Sunday, April 22, 2001
What's the Buzz?
P&G tries to quell Arab boycotts
Procter & Gamble Co. is trying to clean up some folks' impression of its Ariel brand detergent in Egypt.
Palestinian protesters targeted Ariel soap for a boycott last fall after rumors began circulating that the brand was somehow linked to Prime Minister Ariel Sharon, who was the opposition leader in Israel at the time, P&G officials said.
Ariel, the foreign version of the No. 1 U.S. brand of detergent, Tide, is one of many products that have been boycotted by Palestinian supporters trying to stem Western support for Israel.
Pepsi became known as the P-ay E-very P-enny to S-ave I-srael drink, asays the American Chamber of Commerce in Cairo.
P&G says the boycott of Ariel by anti-Israeli protesters is completely unwarranted and that the brand has no connection to any political faction.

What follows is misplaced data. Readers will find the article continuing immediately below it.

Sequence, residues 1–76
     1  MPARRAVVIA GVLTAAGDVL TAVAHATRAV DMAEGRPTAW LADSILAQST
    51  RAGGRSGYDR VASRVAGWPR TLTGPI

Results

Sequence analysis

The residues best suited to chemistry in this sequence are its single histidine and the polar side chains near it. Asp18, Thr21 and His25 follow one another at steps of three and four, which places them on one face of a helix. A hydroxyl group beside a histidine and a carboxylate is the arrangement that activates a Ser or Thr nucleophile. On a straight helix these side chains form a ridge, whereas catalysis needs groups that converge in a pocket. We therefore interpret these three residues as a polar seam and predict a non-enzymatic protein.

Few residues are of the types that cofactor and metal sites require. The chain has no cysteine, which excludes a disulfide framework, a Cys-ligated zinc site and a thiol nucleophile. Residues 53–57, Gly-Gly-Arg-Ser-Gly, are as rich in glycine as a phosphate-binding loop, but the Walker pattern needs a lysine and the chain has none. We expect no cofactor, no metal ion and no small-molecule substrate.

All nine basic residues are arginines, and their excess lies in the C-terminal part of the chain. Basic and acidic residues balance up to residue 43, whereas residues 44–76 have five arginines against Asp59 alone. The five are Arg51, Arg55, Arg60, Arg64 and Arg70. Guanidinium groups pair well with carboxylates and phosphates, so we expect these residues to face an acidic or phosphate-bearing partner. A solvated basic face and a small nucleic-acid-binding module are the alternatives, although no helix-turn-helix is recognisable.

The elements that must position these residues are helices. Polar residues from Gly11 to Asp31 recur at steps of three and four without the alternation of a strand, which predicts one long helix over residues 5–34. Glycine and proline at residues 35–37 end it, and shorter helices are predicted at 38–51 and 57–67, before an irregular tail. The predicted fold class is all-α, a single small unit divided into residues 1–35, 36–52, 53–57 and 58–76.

We have confidence that consumers will remain loyal to our P&G brands, said Wendy Jacques, a P&G spokeswoman.
Company officials say the boycotts seem to be coming to an end.
There is now a strong current public opinion against the calls for a boycott, because the boycott is adverse to Egypt's economic interests, Ms. Jacques said.
But the Cincinnati consumer-goods giant apparently is maintaining its vigilance in the area by conducting monthly market surveys to measure boycott awareness, according to the trade publication Ad Age Global.
The company also has had meetings with local newspapers and is running a series of TV ads promoting Ariel as a locally made brand to squash any latent misconceptions about the brand, Ad Age Global said.
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